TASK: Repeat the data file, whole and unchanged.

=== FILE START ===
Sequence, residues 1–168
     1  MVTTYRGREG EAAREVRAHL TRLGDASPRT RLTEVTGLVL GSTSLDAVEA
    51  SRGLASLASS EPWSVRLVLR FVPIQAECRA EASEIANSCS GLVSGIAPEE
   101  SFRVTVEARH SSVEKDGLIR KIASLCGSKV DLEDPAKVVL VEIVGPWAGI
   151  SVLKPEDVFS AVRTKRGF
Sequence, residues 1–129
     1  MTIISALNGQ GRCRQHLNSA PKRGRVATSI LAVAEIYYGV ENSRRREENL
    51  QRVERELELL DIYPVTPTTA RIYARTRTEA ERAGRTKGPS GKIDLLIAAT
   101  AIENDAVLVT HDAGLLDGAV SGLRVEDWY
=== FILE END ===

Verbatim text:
Sequence, residues 1–168
     1  MVTTYRGREG EAAREVRAHL TRLGDASPRT RLTEVTGLVL GSTSLDAVEA
    51  SRGLASLASS EPWSVRLVLR FVPIQAECRA EASEIANSCS GLVSGIAPEE
   101  SFRVTVEARH SSVEKDGLIR KIASLCGSKV DLEDPAKVVL VEIVGPWAGI
   151  SVLKPEDVFS AVRTKRGF
Sequence, residues 1–129
     1  MTIISALNGQ GRCRQHLNSA PKRGRVATSI LAVAEIYYGV ENSRRREENL
    51  QRVERELELL DIYPVTPTTA RIYARTRTEA ERAGRTKGPS GKIDLLIAAT
   101  AIENDAVLVT HDAGLLDGAV SGLRVEDWY